Bulgaria urges Turkey to comply with refugee readmission agreement

Bulgaria urges Turkey to comply with refugee readmission agreement

Sofia, June 22, 2016/ Independent Balkan News Agency

By Clive Leviev-Sawyer of The Sofia Globe

Bulgarian Foreign Minister Daniel Mitov says his country is urging Turkey to comply with a refugee readmission agreement with the EU and says Ankara should show that the agreement is working effectively.

Mitov was speaking in a television interview on June 22, a few hours before Bulgaria’s Cabinet was due to approval a protocol between Bulgaria and Turkey on the EU-Turkey readmission agreement signed in Ankara on May 5.

Bulgaria’s Prime Minister and its Interior Minister said some days ago that Bulgaria had attempted to return about 200 refugees to Turkey in terms of this agreement, but there had been no response from Turkey.

Mitov said that the problem with returning refugees to Turkey was not just a Bulgarian issue. He said that Bulgaria had tried and failed to return 195 refugees to Turkey. Other countries had had similar problems, he said.

The readmission agreement should be discussed at EU-Turkey level, Bulgaria’s Foreign Minister said. He said that the Turkish side had said that it had ratified the agreement, but that country was yet to accept how to apply the agreement itself. This was a legal case that should be decided at EU-Turkey level, Mitov said.

Mitov said that the situation at the Bulgarian-Turkish border was calm and migratory pressure had not increased.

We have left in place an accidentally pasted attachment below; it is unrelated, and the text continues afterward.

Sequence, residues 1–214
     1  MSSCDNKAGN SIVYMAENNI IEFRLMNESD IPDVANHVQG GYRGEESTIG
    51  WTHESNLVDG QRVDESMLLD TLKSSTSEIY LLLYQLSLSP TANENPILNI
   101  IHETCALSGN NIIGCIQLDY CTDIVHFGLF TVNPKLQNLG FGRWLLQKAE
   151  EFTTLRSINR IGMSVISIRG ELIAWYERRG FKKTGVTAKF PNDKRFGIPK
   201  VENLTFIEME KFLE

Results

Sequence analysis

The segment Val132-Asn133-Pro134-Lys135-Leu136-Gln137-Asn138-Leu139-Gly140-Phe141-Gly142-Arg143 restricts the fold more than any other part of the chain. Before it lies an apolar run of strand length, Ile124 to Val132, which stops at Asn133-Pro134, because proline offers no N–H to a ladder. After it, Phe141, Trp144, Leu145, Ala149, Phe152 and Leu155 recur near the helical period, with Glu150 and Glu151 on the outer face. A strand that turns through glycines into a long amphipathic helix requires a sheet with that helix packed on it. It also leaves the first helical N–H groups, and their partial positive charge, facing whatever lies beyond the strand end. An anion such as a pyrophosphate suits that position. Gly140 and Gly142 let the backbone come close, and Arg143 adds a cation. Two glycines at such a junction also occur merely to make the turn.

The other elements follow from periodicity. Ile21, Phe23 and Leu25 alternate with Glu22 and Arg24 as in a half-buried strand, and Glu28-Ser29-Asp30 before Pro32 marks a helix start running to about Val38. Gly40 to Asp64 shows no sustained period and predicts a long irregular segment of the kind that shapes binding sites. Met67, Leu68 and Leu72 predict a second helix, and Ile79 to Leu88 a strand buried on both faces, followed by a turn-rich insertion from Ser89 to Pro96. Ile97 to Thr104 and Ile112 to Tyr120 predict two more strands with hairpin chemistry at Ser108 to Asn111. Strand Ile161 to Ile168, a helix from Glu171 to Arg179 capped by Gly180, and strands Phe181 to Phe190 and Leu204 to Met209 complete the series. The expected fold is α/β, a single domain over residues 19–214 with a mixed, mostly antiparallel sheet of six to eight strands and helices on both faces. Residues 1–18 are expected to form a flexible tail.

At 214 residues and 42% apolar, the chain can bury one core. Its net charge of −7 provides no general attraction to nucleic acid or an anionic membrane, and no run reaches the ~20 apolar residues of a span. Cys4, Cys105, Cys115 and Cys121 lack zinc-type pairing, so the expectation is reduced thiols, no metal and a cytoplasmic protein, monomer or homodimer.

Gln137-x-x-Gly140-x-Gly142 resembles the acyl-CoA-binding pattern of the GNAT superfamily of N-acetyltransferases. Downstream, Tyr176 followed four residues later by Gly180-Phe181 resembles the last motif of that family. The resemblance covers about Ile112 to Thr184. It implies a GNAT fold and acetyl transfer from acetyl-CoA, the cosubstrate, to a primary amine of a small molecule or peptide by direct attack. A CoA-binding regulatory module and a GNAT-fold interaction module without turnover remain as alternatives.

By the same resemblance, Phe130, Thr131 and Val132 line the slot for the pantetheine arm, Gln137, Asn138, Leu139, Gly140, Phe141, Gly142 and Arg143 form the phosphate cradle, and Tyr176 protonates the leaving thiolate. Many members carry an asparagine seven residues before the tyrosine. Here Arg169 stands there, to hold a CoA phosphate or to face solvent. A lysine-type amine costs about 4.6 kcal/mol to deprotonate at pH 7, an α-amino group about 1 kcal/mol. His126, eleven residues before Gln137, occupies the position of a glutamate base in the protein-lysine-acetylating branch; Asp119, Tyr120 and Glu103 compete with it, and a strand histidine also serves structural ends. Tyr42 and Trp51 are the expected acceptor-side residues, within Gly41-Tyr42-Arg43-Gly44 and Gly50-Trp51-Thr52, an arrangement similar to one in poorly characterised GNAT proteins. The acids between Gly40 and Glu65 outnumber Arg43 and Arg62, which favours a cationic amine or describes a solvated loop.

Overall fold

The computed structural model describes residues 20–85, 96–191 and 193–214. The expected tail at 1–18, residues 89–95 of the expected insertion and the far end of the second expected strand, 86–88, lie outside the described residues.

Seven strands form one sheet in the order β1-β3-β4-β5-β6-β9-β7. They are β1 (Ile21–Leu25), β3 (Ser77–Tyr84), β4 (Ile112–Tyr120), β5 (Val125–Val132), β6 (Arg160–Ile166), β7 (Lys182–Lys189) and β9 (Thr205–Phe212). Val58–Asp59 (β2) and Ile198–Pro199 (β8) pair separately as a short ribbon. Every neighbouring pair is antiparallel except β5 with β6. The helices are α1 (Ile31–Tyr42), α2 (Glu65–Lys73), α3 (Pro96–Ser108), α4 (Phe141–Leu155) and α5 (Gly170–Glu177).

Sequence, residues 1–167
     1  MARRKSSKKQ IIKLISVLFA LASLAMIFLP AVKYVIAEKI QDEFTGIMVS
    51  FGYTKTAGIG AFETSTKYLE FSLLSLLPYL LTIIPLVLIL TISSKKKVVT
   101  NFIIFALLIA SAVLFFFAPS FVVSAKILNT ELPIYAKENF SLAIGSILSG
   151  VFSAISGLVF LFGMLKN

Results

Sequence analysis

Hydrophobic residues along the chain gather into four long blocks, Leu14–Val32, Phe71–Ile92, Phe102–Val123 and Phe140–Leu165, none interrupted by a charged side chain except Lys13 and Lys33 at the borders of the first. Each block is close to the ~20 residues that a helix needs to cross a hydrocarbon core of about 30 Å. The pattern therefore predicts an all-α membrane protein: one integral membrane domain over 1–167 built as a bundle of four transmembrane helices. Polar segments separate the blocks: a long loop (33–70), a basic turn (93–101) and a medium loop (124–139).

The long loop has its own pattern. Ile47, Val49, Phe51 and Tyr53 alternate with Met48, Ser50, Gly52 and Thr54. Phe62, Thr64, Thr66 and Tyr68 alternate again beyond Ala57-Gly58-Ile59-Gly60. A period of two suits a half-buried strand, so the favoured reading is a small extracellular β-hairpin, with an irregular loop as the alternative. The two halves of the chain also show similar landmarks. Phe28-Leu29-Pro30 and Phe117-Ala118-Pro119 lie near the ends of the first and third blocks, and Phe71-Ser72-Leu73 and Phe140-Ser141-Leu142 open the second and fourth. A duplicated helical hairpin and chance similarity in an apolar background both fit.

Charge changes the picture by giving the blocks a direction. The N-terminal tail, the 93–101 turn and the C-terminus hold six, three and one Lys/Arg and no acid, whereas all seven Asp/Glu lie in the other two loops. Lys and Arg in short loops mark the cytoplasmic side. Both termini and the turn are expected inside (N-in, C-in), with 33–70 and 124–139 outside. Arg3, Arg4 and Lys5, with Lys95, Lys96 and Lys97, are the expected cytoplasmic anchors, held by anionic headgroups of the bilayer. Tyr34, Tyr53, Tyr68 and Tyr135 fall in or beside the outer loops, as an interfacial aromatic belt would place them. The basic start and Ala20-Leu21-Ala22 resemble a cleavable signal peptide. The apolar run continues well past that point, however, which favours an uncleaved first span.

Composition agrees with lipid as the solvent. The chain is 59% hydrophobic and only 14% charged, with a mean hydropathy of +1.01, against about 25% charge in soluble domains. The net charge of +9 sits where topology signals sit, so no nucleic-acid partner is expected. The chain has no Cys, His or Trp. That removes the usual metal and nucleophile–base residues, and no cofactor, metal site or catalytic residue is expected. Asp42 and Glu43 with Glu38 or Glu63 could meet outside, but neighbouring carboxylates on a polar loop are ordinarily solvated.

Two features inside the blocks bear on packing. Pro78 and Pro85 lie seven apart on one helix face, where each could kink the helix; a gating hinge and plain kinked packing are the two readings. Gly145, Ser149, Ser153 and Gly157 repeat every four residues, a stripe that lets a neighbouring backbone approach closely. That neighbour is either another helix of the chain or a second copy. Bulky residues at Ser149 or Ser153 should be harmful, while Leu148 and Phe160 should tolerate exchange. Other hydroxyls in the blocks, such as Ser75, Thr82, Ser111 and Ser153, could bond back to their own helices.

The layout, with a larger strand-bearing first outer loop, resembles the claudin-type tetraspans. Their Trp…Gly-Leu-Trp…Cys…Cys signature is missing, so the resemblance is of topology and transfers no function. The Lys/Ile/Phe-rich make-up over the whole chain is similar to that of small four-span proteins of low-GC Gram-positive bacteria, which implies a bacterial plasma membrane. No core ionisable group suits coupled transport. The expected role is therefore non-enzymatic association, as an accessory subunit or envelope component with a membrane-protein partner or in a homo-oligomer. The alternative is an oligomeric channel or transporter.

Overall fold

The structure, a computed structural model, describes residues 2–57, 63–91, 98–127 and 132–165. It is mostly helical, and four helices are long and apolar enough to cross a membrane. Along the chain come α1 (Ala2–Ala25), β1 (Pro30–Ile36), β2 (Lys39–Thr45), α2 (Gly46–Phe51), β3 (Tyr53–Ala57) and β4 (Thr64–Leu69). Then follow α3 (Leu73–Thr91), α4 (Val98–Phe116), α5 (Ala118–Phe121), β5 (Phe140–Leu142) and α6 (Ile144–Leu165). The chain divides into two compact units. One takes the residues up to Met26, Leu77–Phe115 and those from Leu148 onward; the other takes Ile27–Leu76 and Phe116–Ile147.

The foreign minister’s statement came a day after Bulgaria’s Interior Ministry released figures saying that in the first five months of 2016, the number of people detained illegally crossing the border from Turkey into Bulgaria was about half of that for the first five months of 2015.

The Interior Ministry said that the ongoing special police operation involving border guards and officials from the ministry, the border fence and the support of European border guards under the aegis of the Frontex agency had contributed to a significant reduction in the number of illegal crossings from Turkish territory.

From January to the end of May 2016, Border Police had detained 1858 people who had crossed int Bulgaria illegally from Turkey. In the first five months of 2015, the number was 3535, the Interior Ministry said.

Mitov said that Europe clearly stated the situation and what could and could not be accomplished. Turkey had the capacity to cope with increased migratory pressure previously. This was a good framework to be able to continue to develop mechanisms to better control migration flows. It was essential also to destroy the network for smuggling migrants, Mitov said.

Meanwhile, in the European Parliament on June 21, members of the civil liberties committee said that the European Union should check the veracity of reports that Turkish border guards are shooting and killing Syrians who are trying to flee their country.

MEPs also asked the European Commission to assess whether the EU-Turkey deal to manage migration and refugee flows can continue to apply in these circumstances.

Most MEPs described the reports coming from the Syria-Turkey border as “extremely worrying” and agreed that if they proved true, then there should be “consequences”. While acknowledging that the number of migrant arrivals has fallen substantially following the deal with Ankara, they underlined that the refugee relocation scheme is not working and that the resettlement programme is progressing very slowly.

They also voiced concerns about the pressure on the Greek appeals committees reviewing inadmissibility decisions on asylum claims.